In order to characterize the critical polyamine-associated biochemical events which promote epithelial tumorigenesis, many studies have used the well-known initiation–promotion carcinogenesis model in mouse skin. This model consists of initiation with a single application of the carcinogen, 7,12-dimethylbenz[a]anthracene (DMBA) followed by multiple topical treatments with a tumor-promoting agent such as 12-O-tetradecanoylphorbol-13-acetate (TPA). Repeated TPA treatment clonally expands keratinocytes having a DMBA-initiated c-Ha-ras mutation and leads to the growth of benign papillomas. Some of these papillomas eventually convert to malignant carcinomas. A variety of transgenic mice with keratin promoter-driven overexpression of key polyamine regulatory proteins have been used in this mouse skin chemical carcinogenesis model. Although TPA induces two rate-limiting enzymes in polyamine biosynthesis, ODC (O’Brien 1976) and AdoMetDC (Scalabrino et al. 1980), overexpression of these enzymes targeted to the skin of transgenic mice results in different effects on tumor development (O’Brien et al. 1997; Shi et al. 2012). Elevated levels of epidermal ODC are sufficient to promote the development of skin tumors following a variety of initiating events including DMBA (O’Brien et al. 1997; Chen et al. 2000), UV irradiation (Ahmad et al. 2001), and oncogenes (Smith et al. 1998; Lan et al. 2005) without the use of tumor-promoting agents. In contrast, increased epidermal AdoMetDC expression is not a sufficient stimulus to drive tumor promotion following DMBA initiation alone (Shi et al. 2012). Indeed, increased epidermal AdoMetDC expression suppresses skin tumor promotion in DMBA-initiated/TPA-promoted mice (Shi et al. 2012). Moreover, increased epidermal spermine synthase activity has no effect on skin tumor development in transgenic mice subjected to a DMBA/TPA carcinogenesis protocol (Welsh et al. 2012). Surprisingly, K6/SSAT transgenic mice with increased epidermal expression of SSAT are more sensitive to skin tumor development when subjected to a DMBA initiation/TPA promotion protocol (Coleman et al. 2002). Increased putrescine production resulting from increased synthesis or increased degradation of the higher polyamines appears to be a common factor in both the K6/ODC and K6/SSAT transgenic mouse models in which skin tumorigenesis is enhanced (O’Brien et al. 1997; Peralta Soler et al. 1998; Wang et al. 2007; Coleman et al. 2002).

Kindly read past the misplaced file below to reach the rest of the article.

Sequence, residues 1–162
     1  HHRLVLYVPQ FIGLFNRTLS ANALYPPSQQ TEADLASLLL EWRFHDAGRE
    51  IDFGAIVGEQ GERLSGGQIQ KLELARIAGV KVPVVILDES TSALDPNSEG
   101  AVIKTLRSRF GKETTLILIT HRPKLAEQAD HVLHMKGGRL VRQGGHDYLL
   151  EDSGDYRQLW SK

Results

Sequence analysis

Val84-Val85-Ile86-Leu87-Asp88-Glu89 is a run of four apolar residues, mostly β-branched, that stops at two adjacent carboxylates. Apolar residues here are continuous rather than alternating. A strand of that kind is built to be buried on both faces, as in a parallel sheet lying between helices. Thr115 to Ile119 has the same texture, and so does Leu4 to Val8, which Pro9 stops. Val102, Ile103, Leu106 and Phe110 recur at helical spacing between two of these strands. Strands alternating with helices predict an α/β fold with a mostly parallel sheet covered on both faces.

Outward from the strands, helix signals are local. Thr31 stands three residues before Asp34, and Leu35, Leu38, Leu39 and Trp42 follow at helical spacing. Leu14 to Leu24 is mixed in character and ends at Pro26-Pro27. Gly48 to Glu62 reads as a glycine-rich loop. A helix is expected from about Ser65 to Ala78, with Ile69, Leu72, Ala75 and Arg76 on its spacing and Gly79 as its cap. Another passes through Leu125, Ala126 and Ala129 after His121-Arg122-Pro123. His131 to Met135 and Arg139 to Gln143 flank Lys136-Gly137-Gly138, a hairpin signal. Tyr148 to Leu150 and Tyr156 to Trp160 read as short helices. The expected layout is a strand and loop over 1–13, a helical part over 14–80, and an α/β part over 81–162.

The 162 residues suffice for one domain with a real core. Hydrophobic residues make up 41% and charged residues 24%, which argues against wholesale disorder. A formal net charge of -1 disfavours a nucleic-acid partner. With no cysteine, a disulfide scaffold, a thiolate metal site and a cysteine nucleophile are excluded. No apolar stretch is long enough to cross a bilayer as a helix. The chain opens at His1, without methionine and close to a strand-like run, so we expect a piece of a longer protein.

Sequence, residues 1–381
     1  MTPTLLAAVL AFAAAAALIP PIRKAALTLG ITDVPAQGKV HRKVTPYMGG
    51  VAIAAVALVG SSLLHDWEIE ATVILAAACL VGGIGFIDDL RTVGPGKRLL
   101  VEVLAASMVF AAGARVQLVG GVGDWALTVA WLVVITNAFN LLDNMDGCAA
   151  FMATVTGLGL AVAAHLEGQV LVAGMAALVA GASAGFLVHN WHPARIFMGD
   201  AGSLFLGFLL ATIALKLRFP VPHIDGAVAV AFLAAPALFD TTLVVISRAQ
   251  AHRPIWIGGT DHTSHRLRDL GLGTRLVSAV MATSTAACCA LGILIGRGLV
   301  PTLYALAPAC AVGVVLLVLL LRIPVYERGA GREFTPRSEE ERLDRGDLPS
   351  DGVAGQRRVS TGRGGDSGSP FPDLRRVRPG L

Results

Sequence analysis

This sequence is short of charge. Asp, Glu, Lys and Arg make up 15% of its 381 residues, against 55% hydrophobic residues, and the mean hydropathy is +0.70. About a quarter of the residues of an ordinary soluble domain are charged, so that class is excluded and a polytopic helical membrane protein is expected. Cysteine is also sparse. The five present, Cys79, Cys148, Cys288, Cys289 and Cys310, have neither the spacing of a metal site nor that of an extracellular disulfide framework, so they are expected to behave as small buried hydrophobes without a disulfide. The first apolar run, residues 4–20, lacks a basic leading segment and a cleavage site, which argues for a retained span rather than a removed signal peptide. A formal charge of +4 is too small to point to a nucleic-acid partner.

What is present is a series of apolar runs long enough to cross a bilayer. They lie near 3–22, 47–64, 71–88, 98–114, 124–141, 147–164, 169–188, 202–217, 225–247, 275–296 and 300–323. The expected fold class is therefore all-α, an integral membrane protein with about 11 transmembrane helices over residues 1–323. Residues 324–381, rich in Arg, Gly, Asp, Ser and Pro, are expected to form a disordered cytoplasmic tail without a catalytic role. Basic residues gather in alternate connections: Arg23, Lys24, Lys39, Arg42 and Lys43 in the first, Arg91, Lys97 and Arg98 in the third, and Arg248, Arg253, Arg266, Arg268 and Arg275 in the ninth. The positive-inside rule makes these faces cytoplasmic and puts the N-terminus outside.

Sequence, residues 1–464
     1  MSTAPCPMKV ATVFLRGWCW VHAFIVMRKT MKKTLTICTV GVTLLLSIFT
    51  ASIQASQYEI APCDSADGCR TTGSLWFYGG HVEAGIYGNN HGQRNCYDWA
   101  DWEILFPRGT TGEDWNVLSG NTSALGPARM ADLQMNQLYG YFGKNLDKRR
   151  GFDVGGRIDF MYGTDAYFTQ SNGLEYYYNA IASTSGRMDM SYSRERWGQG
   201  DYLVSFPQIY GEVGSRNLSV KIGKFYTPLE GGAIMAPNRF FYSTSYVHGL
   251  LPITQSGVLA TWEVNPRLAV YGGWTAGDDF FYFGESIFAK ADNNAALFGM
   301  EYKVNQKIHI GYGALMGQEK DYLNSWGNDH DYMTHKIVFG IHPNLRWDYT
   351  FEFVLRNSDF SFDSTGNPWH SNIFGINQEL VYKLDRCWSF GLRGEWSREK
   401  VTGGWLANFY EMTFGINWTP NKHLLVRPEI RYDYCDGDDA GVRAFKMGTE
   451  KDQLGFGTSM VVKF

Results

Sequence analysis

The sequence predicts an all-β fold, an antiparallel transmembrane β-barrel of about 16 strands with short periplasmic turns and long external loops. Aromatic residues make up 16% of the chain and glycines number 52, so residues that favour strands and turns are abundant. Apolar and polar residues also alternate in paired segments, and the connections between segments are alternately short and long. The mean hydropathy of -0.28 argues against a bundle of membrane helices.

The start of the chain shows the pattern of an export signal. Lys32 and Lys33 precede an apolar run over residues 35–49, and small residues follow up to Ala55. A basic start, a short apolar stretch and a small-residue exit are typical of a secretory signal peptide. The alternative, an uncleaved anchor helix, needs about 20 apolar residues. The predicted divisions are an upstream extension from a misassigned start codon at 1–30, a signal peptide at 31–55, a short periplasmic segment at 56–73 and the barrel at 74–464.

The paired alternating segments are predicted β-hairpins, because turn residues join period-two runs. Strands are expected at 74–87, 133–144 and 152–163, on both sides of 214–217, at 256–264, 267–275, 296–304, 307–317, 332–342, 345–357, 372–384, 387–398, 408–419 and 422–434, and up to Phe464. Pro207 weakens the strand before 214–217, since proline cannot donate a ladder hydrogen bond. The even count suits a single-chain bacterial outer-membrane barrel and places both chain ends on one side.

Besides the production of putrescine, another common factor in both K6/ODC and K6/SSAT transgenic mice is the generation of reactive oxygen species (ROS) and cytotoxic aldehydes via the induction of catabolic polyamine oxidases. Elevated ODC activity not only stimulates proliferation of normal keratinocytes but also induces apoptotic cell death via generation of reactive aldehydes and H2O2, due at least in part to the induction of SMO, followed by the subsequent activation of the ATM-DNA damage response pathway (Wei et al. 2008). These findings suggest that cells with high ODC activity will be selectively sensitized to die when exposed to further oxidative or metabolic stress. On the other hand, ROS and toxic aldehydes, produced by ODC-induced catabolic polyamine oxidase (SMO and/or APAO) activity, may promote tumor development. Free radicals and ROS are known to stimulate skin tumorigenesis, and, conversely, antioxidants block tumor initiation, promotion, and progression (Slaga 1995; Bickers and Athar 2006). To investigate, to what extent ROS production by polyamine catabolic oxidases may mediate ODC-promoted skin carcinogenesis, we studied the effects of the SMO/APAO inhibitor 1,4-bis-[N-(buta-2,3-dienyl)amino]butane (MDL72527) on tumor development in ODC-ER transgenic mice after initiation with DMBA.
Materials and methods
ODC-ER transgenic mice, in which an involucrin promoter directs the expression of the inducible ODC cDNA fused in frame to a 4-hydroxytamoxifen (4OHT)-responsive mutant estrogen receptor ligand binding domain to the suprabasal epidermis, have been previously described (Lan et al. 2005). ODC-ER transgenic mice and their normal littermates have been backcrossed into either the FVB or C57Bl/6 background for at least 10 generations. ODC activity was induced in ODC-ER transgenic mice by topical application of 4OHT (Sigma, St. Louis, Missouri) dissolved in ethanol (1.0 mg/100 μl) applied each day to a shaved area of the dorsal skin.